Developmental Expression of the Cytosolic Sulfotransferases in Human Liver.

Affiliation

Department of Pharmacology (S.D.) and Institute of Environmental Health Sciences (J.A.C., T.A.K., M.R.-M.), Wayne State University, Detroit, Michigan; Division of Clinical Pharmacology, Toxicology and Therapeutic Innovation, Children's Mercy Kansas City, Kansas City, Missouri (R.G., C.A.V.); Division of Pharmacoengineering and Molecular Pharmaceutics, University of North Carolina, Chapel Hill, North Carolina (P.C.S.); and Office of Research and Development, National Health and Environmental Effects Research Laboratory, U.S. Environmental Protection Agency, Research Triangle Park, North Carolina (R.N.H.) [Email]

Abstract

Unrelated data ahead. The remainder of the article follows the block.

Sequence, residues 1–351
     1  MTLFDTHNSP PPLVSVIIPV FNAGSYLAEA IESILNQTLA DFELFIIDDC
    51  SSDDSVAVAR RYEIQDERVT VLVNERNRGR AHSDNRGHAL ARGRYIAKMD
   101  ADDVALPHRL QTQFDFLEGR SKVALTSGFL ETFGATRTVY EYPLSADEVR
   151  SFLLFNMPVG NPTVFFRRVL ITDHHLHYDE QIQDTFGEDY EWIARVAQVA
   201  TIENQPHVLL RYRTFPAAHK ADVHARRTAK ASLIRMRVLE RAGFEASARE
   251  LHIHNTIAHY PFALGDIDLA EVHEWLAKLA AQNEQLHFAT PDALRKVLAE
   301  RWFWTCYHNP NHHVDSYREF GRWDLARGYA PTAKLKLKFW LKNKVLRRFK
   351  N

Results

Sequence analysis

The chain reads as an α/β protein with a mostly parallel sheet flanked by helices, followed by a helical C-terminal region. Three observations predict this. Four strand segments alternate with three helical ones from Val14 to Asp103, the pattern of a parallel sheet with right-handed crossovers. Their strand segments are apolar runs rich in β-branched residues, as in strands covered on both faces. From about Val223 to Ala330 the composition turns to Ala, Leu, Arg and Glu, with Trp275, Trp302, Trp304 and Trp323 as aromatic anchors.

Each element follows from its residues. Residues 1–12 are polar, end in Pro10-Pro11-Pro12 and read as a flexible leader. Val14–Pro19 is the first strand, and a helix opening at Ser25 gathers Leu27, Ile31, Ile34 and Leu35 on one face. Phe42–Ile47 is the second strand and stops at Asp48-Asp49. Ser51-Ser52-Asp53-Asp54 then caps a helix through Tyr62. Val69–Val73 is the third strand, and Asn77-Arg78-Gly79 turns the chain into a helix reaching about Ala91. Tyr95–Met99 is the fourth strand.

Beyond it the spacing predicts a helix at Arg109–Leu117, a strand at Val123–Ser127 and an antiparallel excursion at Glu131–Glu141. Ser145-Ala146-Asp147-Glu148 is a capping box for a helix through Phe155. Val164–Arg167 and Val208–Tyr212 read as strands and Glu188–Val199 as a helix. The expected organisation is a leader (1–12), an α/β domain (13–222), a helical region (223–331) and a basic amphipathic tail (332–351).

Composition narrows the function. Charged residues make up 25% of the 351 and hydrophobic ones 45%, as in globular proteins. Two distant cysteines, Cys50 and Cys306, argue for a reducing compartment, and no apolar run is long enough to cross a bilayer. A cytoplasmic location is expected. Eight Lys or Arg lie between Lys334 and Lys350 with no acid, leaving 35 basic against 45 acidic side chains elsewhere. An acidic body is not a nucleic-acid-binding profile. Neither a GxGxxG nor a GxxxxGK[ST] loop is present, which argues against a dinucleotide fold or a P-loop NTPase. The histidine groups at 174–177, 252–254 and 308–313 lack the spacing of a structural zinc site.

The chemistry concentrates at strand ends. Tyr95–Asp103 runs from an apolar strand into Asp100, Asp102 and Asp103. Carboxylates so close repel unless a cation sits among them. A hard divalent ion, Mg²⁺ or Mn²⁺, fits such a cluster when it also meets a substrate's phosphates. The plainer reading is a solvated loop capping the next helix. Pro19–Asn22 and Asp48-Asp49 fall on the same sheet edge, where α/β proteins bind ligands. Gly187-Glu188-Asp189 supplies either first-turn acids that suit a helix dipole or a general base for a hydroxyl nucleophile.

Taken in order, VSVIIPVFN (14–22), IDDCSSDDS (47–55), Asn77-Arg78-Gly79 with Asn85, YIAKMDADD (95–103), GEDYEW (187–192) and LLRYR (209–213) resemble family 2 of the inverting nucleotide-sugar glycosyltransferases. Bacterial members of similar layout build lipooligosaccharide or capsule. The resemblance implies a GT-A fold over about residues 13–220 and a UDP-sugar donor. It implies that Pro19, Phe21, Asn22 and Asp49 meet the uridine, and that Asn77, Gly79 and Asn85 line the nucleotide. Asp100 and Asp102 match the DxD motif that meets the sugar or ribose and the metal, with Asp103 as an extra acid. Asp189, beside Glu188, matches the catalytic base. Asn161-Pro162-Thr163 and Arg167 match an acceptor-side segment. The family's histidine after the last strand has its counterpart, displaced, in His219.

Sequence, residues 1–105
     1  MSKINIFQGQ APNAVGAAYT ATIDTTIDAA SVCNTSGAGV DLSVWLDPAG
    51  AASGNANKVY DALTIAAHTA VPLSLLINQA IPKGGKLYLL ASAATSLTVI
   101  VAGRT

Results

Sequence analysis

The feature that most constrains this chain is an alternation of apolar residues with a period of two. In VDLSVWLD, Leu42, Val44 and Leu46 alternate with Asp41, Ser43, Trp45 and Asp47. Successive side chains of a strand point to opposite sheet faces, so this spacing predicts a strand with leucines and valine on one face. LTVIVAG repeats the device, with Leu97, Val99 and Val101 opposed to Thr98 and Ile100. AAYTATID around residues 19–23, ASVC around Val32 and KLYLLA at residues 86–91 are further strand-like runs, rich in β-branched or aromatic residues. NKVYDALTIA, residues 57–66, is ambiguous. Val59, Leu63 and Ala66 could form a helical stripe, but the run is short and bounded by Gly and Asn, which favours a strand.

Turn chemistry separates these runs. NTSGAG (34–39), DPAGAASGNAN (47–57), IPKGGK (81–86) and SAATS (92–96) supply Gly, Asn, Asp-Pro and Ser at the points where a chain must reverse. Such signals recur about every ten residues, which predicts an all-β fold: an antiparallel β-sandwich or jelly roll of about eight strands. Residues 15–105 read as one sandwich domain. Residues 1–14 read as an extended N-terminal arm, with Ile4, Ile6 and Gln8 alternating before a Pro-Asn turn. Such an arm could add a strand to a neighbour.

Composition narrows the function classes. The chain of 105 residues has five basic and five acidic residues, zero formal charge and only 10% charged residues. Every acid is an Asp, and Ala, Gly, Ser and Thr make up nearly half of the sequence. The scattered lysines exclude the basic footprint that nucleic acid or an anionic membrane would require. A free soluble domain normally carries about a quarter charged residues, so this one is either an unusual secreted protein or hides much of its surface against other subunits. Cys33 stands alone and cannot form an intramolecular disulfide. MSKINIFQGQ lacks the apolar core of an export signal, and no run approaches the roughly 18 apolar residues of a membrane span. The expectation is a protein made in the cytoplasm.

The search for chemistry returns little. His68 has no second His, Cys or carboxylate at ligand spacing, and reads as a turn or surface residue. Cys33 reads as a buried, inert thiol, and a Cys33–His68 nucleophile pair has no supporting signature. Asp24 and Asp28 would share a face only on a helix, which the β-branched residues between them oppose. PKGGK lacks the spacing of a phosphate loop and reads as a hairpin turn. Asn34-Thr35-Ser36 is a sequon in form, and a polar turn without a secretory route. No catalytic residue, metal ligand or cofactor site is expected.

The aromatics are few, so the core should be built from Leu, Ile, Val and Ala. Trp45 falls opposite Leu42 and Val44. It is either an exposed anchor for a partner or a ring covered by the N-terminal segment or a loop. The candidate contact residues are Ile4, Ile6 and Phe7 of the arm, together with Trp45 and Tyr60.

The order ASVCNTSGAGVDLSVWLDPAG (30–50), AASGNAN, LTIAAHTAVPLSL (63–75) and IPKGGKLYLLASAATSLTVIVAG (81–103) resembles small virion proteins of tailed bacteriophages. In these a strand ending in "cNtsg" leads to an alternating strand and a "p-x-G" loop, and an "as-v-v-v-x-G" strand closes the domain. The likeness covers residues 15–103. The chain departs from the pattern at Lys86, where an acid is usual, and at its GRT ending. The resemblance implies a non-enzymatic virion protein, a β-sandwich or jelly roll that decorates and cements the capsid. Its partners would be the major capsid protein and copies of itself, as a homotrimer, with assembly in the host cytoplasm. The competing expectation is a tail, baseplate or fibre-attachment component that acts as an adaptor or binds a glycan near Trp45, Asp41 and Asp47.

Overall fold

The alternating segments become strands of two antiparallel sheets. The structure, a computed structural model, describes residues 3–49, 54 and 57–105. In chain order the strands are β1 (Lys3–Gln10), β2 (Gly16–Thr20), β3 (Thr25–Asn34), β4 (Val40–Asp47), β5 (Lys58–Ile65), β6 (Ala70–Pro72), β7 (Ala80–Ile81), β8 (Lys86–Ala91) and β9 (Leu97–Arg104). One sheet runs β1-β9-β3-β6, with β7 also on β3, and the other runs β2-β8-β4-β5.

The liver is the predominant organ of metabolism for many endogenous and foreign chemicals. Cytosolic sulfotransferases (SULTs) catalyze the sulfonation of drugs and other xenobiotics, as well as hormones, neurotransmitters, and sterols, with consequences that include enhanced drug elimination, hormone inactivation, and procarcinogen bioactivation. SULTs are classified into six gene families, but only SULT1 and SULT2 enzymes are expressed in human liver. We characterized the developmental expression patterns of SULT1 and SULT2 mRNAs and proteins in human liver samples using reverse transcription quantitative polymerase chain reaction (RT-qPCR), RNA sequencing, and targeted quantitative proteomics. Using a set of prenatal, infant, and adult liver specimens, RT-qPCR analysis demonstrated that SULT1A1 (transcript variant 1) expression did not vary appreciably during development; SULT1C2, 1C4, and 1E1 mRNA levels were highest in prenatal and/or infant liver, and 1A2, 1B1, and 2A1 mRNA levels were highest in infant and/or adult. Hepatic SULT1A1 (transcript variant 5), 1C3, and 2B1 mRNA levels were low regardless of developmental stage. Results obtained with RNA sequencing of a different set of liver specimens (prenatal and pediatric) were generally comparable results to those of the RT-qPCR analysis, with the additional finding that SULT1A3 expression was highest during gestation. Analysis of SULT protein content in a library of human liver cytosols demonstrated that protein levels generally corresponded to the mRNAs, with the major exception that SULT1C4 protein levels were much lower than expected based on mRNA levels. These findings further support the concept that hepatic SULTs play important metabolic roles throughout the human life course, including early development.

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